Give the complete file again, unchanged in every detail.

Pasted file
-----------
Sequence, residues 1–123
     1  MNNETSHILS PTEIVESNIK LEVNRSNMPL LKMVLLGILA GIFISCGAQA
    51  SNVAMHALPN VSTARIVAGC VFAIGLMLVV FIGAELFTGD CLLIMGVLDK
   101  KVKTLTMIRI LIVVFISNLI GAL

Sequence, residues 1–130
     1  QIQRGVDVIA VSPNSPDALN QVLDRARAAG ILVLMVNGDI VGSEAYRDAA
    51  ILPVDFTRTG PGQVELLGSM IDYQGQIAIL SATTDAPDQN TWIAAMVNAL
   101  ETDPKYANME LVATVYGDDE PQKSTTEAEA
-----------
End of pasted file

Sequence, residues 1–123
     1  MNNETSHILS PTEIVESNIK LEVNRSNMPL LKMVLLGILA GIFISCGAQA
    51  SNVAMHALPN VSTARIVAGC VFAIGLMLVV FIGAELFTGD CLLIMGVLDK
   101  KVKTLTMIRI LIVVFISNLI GAL

Sequence, residues 1–130
     1  QIQRGVDVIA VSPNSPDALN QVLDRARAAG ILVLMVNGDI VGSEAYRDAA
    51  ILPVDFTRTG PGQVELLGSM IDYQGQIAIL SATTDAPDQN TWIAAMVNAL
   101  ETDPKYANME LVATVYGDDE PQKSTTEAEA